UnitedHealth Group (NYSE:UNH) is the largest health insurer in the country, and strong financial results in the third quarter show the company's still growing in spite of its decision last year to discontinue selling Obamacare plans in most states. Baby boomers' interest in Medicare Advantage plans is a big reason this company's sales and earnings are still increasing, but with health insurance reform looming, can UnitedHealth Group continue delivering upside to investors?
Digging into the details
UnitedHealth provides insurance coverage to individuals directly, through their employer, or through government programs, including Medicare and Medicaid.
In the past year, enrollment in UnitedHealth's plans grew by 1.9 million people to 49 million. The company's Part D drug plans provided coverage to an additional 4.9 million people during the quarter.
Medicare and Medicaid enrollment was responsible for the increase because enrollment growth at employers was more than offset by declining enrollment in the individual market following the company's retrenchment from Obamacare. Medicare Advantage membership increased to 4.4 million people from 3.6 million people last year, while Medicaid enrollment grew to 6.4 million people from 5.8 million people in the past year.
In the commercial market, individual enrollment, including Obamacare, fell to 515,000 from 1.5 million one year ago. Employer-based enrollment growth of 270,000 people offset some of that decline.
Membership and premium growth this year translated into health insurance segment premium revenue of $40.7 billion, up 9.6% from Q3 2016. Total third-quarter revenue, including revenue from Optum, its pharmacy services, and analytics business clocked in at $50.3 billion, up 8.7% from one year ago.
|Q3 2017||Q3 2016||9-Mos. 2017||9-Mos. 2016|
|Total revenue (billions)||$50,322||$46,293||$149,098||$137,305|
UnitedHealth's bottom-line performance was even better because walking back from the Obamacare exchanges improved the overall health of member pool and reduced the amount of premium revenue spent on healthcare. Its medical care ratio was a healthy 81.4% in the quarter as medical reserves developed favorably by $310 million, partially offsetting an increase in deferred health insurance tax. The company also saw important improvements in operating costs and costs of products sold relative to sales that contributed to strong income growth in the period.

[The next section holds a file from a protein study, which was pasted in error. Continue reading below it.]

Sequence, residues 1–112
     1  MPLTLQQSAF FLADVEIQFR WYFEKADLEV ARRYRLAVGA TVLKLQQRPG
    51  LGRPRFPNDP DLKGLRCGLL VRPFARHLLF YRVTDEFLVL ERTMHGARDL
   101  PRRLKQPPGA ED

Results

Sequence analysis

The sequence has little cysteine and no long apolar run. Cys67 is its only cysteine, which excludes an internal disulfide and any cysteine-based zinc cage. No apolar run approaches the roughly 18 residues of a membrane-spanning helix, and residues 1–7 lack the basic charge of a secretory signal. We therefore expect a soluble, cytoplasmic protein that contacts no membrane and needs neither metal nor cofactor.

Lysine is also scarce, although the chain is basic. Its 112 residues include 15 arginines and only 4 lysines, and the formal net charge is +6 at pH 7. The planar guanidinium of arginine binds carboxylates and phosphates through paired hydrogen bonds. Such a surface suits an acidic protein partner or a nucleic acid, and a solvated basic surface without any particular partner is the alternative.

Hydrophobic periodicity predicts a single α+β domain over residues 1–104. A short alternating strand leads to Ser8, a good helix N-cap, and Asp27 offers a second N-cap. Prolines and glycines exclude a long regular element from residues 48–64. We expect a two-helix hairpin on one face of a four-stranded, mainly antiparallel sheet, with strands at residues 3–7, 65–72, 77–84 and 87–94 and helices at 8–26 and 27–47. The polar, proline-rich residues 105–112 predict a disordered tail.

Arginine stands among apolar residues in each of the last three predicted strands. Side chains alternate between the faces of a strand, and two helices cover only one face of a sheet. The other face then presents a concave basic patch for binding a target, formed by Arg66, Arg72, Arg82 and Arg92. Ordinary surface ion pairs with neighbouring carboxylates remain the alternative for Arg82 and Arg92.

|Q3 2017||% of Revenue||Q3 2016||% of Revenue||9-Mos. 2017||% of Revenue||9-Mos. 2106||% of Revenue|
|Cost of products sold||$6,068||12.1%||$6,125||13.2%||$17,633||11.8%||$18,108||13.2%|
|Total operating costs||$46,234||91.9%||$42,713||92.3%||$137,866||92.5%||$127,562||92.9%|
Operating income increased 14.2% to $4.1 billion, and net income shot up 26.3% to $2.5 billion. After adjusting the income statement to take into consideration all of the company's quarterly puts and takes, adjusted earnings per share was $2.66, up from $2.17 last year.
What's next for this big insurer
The quarterly performance brought earnings per share through the first nine months of 2017 to $7.49, up from $5.94. UnitedHealth's management now thinks that adjusted earnings per share will approach $10 this year. For perspective, management was predicting full-year adjusted EPS of between $9.30 to $9.60 in January.
The wildcard facing this company and its peers in the future, though, is health insurance reform. UnitedHealth has already mostly stopped selling Obamacare plans on state exchanges, so repealing Obamacare provisions won't impact it as negatively as it might its peers. It could face stiff headwinds to its Medicaid enrollment if Medicaid expansion is rolled back, though. There could also be headwinds if an outright repeal leads to employers discontinuing the plans they put in place because of Obamacare requirements.
Overall, I don't think changes relating to individual insurance will have too much of an effect on UnitedHealth in 2018, but I do think there's an important longer-term risk of reform crimping its Medicaid business and since Medicaid represents a more substantial proportion of its business than it did prior to Obamacare's passage, investors will want to watch carefully how Congress tackles funding Medicaid expansion.